Health

Just How Potent are Caffeinated Alcoholic Drinks?

| by CEI

By Greg Conko

Over the past few days, I’ve gotten plenty of angry e-mail from people critical of my defense of caffeinated alcoholic beverages like Four Loko, Joose, and Hard Wired.  Typical claims are that, “if it was [my]

son or daughter ending up in emergency with a (sic) overdose of alcohol it wouldn’t be opposition to ban it,” and that “Your disgusting and your barely disguised right wing industry front is pathetic”.  My favorite, though, is, “I hope one of YOUR kids or family members dies from it, see how you feel.”

You might think that, boy, these products must really be awful to elicit that kind of a response — a message that the prohibitionists very definitely want you to get.  But just how potent IS a typical Alcohol-Energy Drink like Four Loko?  Let’s have a look.

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A 23.5 oz can of Four Loko has 156 mg of caffeine.  You might think, “Wow!  What kind of caffeine-induced buzz is that going to get you?”  About the same as in a small/tall (8 oz cup) Starbucks coffee (160 mg).  By 7:30 this morning, I had already had nearly twice as much caffeine from my daily coffee.  The prohibitionists also like to point out that a 23.5 oz can of Four Loko has twice the caffeine as a can of Red Bull (76 mg).  But what they neglect to say is that Red Bull comes in 8.2 oz cans, which means that they’re just 1/3 the size and have about 50 percent more caffeine per unit volume.

Of course, there’s also the alcohol.  Four Loko is 12 percent alcohol by volume, which amounts to the equivalent of four to four-and-a-half typical American-style pilsner beers, such as Budweiser, Coors, and Miller, with approximate 4.8 to 5 ABV.  Still, ounce for ounce, you get about 50 percent more caffeine and about the same amount of alcohol in a vodka and Red Bull cocktail (8.2 oz of Red Bull plus a 1.5 oz shot of 80 proof spirits).  And you get about three times as much caffeine and about the same amount of alcohol in a cup of Irish coffee made by mixing a tall Starbucks coffee with a 1.5 oz shot of 80 proof spirits.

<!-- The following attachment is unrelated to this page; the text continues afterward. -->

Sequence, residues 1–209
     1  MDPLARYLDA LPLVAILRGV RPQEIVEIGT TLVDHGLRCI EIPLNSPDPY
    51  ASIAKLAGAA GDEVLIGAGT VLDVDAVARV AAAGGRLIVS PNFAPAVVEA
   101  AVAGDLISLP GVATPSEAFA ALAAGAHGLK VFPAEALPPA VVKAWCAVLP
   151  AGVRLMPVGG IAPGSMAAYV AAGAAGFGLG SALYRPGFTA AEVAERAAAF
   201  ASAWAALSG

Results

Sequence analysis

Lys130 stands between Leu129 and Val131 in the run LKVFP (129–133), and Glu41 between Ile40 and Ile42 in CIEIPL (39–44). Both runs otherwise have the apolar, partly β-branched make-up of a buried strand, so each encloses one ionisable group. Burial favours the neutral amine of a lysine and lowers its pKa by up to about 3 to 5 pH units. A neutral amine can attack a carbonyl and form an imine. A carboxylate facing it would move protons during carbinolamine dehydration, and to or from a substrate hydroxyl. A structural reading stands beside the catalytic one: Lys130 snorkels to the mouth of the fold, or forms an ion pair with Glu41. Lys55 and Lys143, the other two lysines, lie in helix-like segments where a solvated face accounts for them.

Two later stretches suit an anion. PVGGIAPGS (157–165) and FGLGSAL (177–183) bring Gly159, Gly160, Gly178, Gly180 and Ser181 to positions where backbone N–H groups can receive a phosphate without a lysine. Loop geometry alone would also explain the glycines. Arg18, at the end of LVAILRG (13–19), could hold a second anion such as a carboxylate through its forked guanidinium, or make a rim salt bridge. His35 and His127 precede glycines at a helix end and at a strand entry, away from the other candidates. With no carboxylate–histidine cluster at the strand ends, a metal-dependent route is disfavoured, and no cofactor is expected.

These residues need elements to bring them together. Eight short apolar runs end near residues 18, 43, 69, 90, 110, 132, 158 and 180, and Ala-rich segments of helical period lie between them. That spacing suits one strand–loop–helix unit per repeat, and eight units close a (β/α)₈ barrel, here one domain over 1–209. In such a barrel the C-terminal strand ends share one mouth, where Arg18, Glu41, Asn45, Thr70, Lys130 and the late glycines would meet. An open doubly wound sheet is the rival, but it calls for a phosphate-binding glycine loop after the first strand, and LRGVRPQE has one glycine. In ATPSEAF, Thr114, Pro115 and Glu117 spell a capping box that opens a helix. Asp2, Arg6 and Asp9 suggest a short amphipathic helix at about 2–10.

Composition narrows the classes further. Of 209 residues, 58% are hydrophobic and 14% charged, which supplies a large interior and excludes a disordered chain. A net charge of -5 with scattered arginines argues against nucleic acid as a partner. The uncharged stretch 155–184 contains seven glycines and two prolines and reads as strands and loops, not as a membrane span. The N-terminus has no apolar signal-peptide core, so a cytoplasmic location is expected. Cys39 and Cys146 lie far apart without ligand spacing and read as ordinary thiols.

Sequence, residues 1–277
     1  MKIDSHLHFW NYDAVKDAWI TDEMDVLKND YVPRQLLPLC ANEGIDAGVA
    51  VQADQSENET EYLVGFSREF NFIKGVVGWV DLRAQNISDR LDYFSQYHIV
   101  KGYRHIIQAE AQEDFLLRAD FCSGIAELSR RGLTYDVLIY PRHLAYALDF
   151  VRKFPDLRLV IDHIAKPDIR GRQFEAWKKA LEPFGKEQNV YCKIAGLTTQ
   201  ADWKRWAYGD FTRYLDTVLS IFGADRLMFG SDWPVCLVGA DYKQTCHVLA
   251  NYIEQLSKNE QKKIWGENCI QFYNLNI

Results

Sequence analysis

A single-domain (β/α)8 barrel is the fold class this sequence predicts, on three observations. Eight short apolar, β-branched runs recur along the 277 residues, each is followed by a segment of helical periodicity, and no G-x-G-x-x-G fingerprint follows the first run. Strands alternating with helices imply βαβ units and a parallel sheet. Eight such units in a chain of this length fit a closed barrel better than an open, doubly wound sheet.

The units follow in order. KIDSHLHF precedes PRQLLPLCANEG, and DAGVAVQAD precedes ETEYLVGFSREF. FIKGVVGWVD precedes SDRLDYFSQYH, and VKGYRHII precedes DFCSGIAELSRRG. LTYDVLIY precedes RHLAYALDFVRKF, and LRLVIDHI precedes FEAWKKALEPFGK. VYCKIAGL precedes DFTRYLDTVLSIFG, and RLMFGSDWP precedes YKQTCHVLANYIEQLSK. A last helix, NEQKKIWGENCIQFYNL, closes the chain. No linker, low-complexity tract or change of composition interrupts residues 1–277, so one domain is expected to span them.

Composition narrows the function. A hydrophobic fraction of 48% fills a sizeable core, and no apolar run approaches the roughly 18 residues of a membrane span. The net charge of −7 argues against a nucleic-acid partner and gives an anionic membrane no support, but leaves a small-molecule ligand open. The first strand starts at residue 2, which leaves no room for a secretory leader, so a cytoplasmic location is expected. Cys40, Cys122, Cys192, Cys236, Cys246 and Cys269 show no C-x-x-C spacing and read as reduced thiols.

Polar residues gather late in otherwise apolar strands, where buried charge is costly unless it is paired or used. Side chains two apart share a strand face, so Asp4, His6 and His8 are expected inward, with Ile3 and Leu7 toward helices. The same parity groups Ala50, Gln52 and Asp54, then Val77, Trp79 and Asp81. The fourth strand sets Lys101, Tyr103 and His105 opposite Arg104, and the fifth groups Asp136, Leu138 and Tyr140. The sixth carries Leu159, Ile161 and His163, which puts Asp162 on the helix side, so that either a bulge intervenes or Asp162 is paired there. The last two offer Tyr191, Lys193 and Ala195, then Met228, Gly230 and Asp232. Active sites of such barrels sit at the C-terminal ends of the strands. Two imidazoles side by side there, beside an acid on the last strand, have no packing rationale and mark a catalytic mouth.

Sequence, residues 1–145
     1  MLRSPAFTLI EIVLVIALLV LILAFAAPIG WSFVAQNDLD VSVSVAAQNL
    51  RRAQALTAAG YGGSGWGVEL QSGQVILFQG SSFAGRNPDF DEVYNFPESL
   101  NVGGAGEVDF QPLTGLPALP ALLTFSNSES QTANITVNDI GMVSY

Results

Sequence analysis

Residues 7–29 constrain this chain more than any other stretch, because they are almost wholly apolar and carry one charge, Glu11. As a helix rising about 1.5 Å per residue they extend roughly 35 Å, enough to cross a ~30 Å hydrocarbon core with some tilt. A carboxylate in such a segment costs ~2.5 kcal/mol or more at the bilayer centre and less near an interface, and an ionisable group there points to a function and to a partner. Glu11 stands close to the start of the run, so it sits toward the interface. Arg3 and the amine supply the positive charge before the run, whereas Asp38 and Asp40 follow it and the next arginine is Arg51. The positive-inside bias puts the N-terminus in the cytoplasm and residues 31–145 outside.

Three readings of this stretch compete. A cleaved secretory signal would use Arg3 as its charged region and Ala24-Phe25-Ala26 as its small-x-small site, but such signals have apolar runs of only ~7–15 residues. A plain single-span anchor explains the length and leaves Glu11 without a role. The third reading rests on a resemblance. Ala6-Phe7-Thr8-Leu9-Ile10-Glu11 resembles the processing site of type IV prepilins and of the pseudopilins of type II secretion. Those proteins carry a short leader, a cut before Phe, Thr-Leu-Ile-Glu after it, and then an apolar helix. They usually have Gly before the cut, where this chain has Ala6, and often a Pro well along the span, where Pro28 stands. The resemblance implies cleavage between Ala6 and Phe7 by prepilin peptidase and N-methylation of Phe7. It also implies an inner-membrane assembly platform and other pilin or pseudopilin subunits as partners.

In order to conclude that AEDs are worse, you have to buy the notion that your typical partying teenager or young adult would stop at just one or two vodka and Red Bulls.  But actual observation of the wild college partier or young professional in his natural setting indicates that that’s a pretty far-fetched assumption.  So, it’s not remotely clear that there is anything uniquely unsafe about AEDs.  Nor do I believe that a ban on AEDs will do anything at all to stem the genuine problem of alcohol abuse among teenagers and young adults.  Indeed, to the extent that some AED consumers may revert to the vodka and Red Bull alternative, the AED ban could have negative public health consequences because the far higher level of caffeine in those self-mixed or bartender-mixed cocktails would be more likely to mask the effects of intoxication.

Perhaps more serious, in my view, is the fact that many of the activist organizations intimately involved with the movement to ban AEDs (led by the Center for Science in the Public Interest) began this fight to regulate caffeine, long before there was an AED market, by attacking non-alcoholic energy drinks like Jolt Cola, Red Bull, Monster, and Rock Star.  They’ve even been highly critical of Starbucks coffee for its caffeine content.  And the exact same legal rationale that the FDA used to ban AEDs (i.e., that FDA has not approved caffeine used as a food additive as GRAS for any use but in “cola type drinks,” making the addition of caffeine to malt beverages presumptively unsafe) could just as easily be applied to non-alcoholic energy drinks.  I fear, and with good reason I would argue, that we haven’t seen the last of FDA’s enforcement activity against caffeinated beverages.